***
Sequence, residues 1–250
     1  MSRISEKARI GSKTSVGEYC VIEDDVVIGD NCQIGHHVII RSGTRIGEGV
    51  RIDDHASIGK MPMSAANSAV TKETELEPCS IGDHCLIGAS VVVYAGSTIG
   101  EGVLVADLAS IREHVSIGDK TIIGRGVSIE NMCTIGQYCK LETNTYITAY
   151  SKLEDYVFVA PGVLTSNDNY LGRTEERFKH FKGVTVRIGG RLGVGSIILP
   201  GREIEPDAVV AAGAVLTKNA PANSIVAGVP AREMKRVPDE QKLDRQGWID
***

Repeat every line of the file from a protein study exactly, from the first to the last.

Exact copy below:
Sequence, residues 1–250
     1  MSRISEKARI GSKTSVGEYC VIEDDVVIGD NCQIGHHVII RSGTRIGEGV
    51  RIDDHASIGK MPMSAANSAV TKETELEPCS IGDHCLIGAS VVVYAGSTIG
   101  EGVLVADLAS IREHVSIGDK TIIGRGVSIE NMCTIGQYCK LETNTYITAY
   151  SKLEDYVFVA PGVLTSNDNY LGRTEERFKH FKGVTVRIGG RLGVGSIILP
   201  GREIEPDAVV AAGAVLTKNA PANSIVAGVP AREMKRVPDE QKLDRQGWID